Steve Kerr: ‘Marcus Smart Made A Huge Mistake By Going After Jeff Orr’

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(Credit: Jeff Bottari/Getty Images)

(Credit: Jeff Bottari/Getty Images)

When Steve Kerr was a freshman at Arizona in 1984, his father, Malcolm, was assassinated in Beirut. A few years later, when Kerr was a senior at Arizona, he trotted onto the court to warm up before a game at Arizona State.

That’s when people the opposing student section started making inappropriate chants about his father’s murder.

Unlike Marcus Smart on Saturday night, Kerr did not go into the stands and attack anyone.

“I didn’t even really equate it to my situation, to be honest with you,” CBS and TNT analyst Steve Kerr said on The John Feinstein Show. “When that happened with me, again, it was an hour before the game. It was probably three drunk students who started yelling stuff. It totally unnerved me. I didn’t think about going up there. I just was sort of in shock and I went and sat down on the bench, and my teammates came over and consoled me. It was just bizarre. It was so crazy that anybody could stoop so low to say something like that. So my response came on the court, and I did have a really good game. It all kind of worked out, but it was just bizarre.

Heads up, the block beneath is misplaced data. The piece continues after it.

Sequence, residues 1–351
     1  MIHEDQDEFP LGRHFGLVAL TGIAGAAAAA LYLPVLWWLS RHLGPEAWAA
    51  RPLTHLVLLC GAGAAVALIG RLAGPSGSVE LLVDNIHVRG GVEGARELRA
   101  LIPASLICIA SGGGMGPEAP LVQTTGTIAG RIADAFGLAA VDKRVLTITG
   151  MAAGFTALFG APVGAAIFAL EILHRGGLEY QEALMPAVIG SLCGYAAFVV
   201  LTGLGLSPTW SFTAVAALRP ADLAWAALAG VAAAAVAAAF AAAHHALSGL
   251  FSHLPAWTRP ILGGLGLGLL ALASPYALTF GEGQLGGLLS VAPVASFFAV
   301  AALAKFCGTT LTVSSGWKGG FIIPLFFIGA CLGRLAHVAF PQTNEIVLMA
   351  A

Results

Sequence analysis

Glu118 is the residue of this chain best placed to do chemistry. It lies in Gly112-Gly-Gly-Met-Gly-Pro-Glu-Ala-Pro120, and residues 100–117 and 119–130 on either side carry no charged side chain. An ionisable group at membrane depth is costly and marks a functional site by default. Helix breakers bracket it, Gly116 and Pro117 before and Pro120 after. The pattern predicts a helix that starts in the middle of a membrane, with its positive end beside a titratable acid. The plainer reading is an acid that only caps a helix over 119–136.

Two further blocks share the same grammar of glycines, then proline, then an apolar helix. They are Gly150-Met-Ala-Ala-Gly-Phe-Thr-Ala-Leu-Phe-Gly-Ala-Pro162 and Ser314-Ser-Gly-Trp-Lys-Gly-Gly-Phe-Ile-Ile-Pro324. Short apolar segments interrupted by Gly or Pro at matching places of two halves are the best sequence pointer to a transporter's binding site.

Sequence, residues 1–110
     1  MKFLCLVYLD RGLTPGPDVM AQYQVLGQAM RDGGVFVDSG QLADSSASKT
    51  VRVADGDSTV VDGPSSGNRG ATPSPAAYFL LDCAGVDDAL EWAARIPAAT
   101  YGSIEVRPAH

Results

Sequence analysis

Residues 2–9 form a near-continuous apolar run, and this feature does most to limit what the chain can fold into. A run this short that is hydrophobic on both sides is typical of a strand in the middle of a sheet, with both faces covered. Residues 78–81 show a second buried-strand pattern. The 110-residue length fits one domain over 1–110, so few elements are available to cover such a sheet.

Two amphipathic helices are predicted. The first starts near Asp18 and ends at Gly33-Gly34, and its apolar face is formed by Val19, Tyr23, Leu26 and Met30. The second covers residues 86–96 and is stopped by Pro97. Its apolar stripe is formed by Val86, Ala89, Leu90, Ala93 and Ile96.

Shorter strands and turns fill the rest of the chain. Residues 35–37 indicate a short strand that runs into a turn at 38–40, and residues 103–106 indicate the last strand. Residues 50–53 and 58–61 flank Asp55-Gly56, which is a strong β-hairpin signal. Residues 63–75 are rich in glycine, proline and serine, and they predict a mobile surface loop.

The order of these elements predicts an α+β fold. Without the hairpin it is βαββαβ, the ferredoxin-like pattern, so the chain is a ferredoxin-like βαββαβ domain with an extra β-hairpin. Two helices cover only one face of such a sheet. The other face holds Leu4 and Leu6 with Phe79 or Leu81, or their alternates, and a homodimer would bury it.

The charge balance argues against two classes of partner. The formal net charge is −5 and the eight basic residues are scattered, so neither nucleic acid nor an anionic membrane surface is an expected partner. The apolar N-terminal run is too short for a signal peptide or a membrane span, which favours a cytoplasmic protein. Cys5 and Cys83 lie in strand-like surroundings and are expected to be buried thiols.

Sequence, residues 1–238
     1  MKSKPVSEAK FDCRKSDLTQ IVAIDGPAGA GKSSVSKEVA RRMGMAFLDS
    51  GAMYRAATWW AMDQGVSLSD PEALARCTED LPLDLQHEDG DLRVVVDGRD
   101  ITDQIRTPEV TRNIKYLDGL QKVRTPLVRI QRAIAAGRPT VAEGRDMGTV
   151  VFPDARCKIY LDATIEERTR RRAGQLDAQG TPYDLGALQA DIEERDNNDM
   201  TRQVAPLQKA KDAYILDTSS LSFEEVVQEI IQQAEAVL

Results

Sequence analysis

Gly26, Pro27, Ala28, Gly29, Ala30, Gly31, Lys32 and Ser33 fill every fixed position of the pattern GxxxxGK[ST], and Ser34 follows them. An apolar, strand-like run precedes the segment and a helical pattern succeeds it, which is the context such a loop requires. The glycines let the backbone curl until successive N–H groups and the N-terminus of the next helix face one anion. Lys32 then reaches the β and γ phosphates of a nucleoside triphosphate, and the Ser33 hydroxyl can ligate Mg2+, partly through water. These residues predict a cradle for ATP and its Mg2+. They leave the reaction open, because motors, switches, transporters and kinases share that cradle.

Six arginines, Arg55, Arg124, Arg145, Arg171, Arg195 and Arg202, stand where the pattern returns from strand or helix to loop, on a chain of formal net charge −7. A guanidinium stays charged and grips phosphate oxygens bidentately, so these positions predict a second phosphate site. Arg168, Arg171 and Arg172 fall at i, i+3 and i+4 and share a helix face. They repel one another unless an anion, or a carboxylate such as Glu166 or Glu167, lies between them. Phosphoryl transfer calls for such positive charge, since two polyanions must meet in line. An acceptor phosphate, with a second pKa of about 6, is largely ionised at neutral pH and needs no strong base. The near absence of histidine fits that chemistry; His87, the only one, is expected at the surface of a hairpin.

“The other night watching that,” Kerr continued, referring to Smart, “my first thought was, ‘Fans are just idiots sometimes.’ They really are. Not all of them, obviously. Most fans are very well-behaved. But I just don’t understand what makes a fan yell something that nasty at a player – and there’s varying reports abut what was said. I think we can all agree it wasn’t anything very nice.

“But I just don’t understand why fans cross the line like that. Maybe it’s alcohol. It’s great to boo, and it’s great to cheer. But when you start using racial epithets – (or) whatever it is, (you’ve crossed the line). I don’t know what he said, but it couldn’t have been good. And I blame the fan more than I blame Marcus Smart.”

Tom Izzo blames social media, among other culprits, for incidents between players and fans. Because fans feel so connected with players, Izzo said, they almost feel like they’re a part of the game – even though they’re clearly not.

It was reported this past weekend, in fact, that an Arizona State student spit on Oregon assistant coach Brian Fish and team trainer Clay Jamieson.

If that’s not crossing the line, what is?

“This stuff does happen, and obviously it’s so emotional,” Kerr said. “Everybody’s passionate about who’s going to win, who’s going to lose – players, coaches, fans. Everyone is. But you just have to be able to draw the line and not cross it, and that’s true for Marcus Smart, too. He made a huge mistake by going after that guy.

“It’s a shame, but it’s kind of what happens. We’ve got an arena filled with fans, a lot of them have been drinking, there’s an intense competition involved, and unfortunately stuff like this is going to happen occasionally.”

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